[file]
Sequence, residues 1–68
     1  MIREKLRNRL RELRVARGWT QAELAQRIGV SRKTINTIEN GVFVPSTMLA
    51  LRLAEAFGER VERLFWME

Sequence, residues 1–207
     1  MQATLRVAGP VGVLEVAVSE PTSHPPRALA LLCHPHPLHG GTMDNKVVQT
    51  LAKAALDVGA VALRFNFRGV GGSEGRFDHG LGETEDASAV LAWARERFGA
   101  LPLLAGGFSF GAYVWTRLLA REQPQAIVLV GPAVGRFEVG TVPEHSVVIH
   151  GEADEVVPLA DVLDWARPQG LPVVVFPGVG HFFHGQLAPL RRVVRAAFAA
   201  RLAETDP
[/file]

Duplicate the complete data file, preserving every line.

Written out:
Sequence, residues 1–68
     1  MIREKLRNRL RELRVARGWT QAELAQRIGV SRKTINTIEN GVFVPSTMLA
    51  LRLAEAFGER VERLFWME

Sequence, residues 1–207
     1  MQATLRVAGP VGVLEVAVSE PTSHPPRALA LLCHPHPLHG GTMDNKVVQT
    51  LAKAALDVGA VALRFNFRGV GGSEGRFDHG LGETEDASAV LAWARERFGA
   101  LPLLAGGFSF GAYVWTRLLA REQPQAIVLV GPAVGRFEVG TVPEHSVVIH
   151  GEADEVVPLA DVLDWARPQG LPVVVFPGVG HFFHGQLAPL RRVVRAAFAA
   201  RLAETDP